Apr 1, 2012

A Nuanced Perspective of Kony2012

Kony2012: Absolutely worth watching, but not the whole story
This internet sensation movie talks about Kony, a leader of the horrible Lords Resistance Army (LRA) that kidnaps and maims children in Central Africa. He is despicable, the organization is terrible, and no one anywhere supports him (except for Rush Limbaugh). The movie itself is very slick, and seeks to publicize his actions so that he will be stopped.

That's all true, but the critics say it's naive and incredibly oversimplified. That is true too. For example, the LRA used to be massive in Uganda, today it is maybe a few hundred soldiers running for their lives in the jungle of a neighboring country. Much of the world mostly ignored the movement in it's heyday, mostly in the 90s and early 2000s, but we are well past that point today. The powers that be in the world have long since actively worked to shut down the LRA are almost done. There are American troops on the ground helping the Ugandan army hunt down Kony with broad international support. The recent huge facebook mobs are quite late to the party.

We found Uganda to be a spectacular and comfortable country
to travel in. The war torn country was a decade ago.
Africans, in particular, seem to be the most annoyed at this movement. Ugandans stormed out of the theater in anger when they saw the movie because ironically they didn't find themselves represented in it. Editorials across the continent skewer it's naivety, and it's reliance on the 'White Savior Complex.' The vast majority of the victims shown in the movie were Africans, the majority of the 'heros' were white people from another hemisphere. However it has mostly been African soldiers and African communities that have beaten the LRA back over the last decade, and so it's more than a little insulting to say that they now need George Clooney to come in and finish him off.

I suppose I am part of the 'White Savior Industrial Complex' and although I won't ever pretend that Africa needs me, I do think I'm doing genuine good. Contrary to the adoring facebookers, or disgruntled Africans I see the movie in a different way. It's far less about what needs to happen now, and much more about what has happened. Jason Russell has spent much of his adult life organizing and agitating for awareness of Kony and the struggles of central Africa. It's impossible to know how much practical influence they have had, but it's likely more than nothing. And now, this long standing campaign is almost over.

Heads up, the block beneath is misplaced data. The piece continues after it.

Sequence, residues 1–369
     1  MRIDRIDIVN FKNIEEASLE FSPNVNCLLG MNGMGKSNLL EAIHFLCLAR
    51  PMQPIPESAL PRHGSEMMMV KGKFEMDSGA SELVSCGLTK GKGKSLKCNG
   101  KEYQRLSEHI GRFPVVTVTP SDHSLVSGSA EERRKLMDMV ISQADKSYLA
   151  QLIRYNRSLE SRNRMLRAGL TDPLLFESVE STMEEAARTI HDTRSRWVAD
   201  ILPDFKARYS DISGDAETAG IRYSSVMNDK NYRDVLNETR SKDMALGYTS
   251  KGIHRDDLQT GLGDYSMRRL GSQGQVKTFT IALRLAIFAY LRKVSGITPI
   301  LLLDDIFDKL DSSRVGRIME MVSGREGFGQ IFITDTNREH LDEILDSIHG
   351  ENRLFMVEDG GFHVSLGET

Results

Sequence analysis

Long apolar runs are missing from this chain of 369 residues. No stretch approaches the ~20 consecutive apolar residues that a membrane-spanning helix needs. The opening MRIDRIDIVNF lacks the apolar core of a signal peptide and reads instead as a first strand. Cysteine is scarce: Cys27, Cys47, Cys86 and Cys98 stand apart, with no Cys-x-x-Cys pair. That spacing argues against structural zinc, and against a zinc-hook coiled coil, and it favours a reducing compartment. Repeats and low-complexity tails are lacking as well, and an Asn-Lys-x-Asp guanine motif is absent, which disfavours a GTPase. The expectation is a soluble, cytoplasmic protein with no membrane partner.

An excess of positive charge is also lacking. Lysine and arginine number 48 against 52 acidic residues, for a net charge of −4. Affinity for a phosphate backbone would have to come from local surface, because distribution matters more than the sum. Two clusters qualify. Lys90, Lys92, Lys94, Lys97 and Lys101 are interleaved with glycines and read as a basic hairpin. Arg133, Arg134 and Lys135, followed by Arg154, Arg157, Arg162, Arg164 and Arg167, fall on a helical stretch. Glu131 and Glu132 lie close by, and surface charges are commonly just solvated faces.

The movie, and incipient movement, are most effective with young people.  Although oversimplified, it is bringing an awareness of contemporary history to a demographic known for being apathetic and disengaged from some of the worlds bigger injustices.  It shows how privileged young Americans have been able to make a difference on another continent.  If it engages anyone enough to want to make a difference, and think a little on their own, there are some very real and practical steps that they could take.  For example, the movie points out that the International Criminal Court (ICC) finds Kony to be one of the worlds worst war criminals.  However, the ICC doesn't have much power, in part, because the United States has not ratified it. If an American acted like Kony, and is arrested by the ICC, George Bush Jr. famously said he'd invade Holland to 'rescue' them. A Facebook campaign in an election year really could force politicians to bring the US into the world community.      

Rather than soliciting support for a necessary movement I think the point of Kony 2012 is more subtle. It's inviting an entire generation to join in a victory for humanity.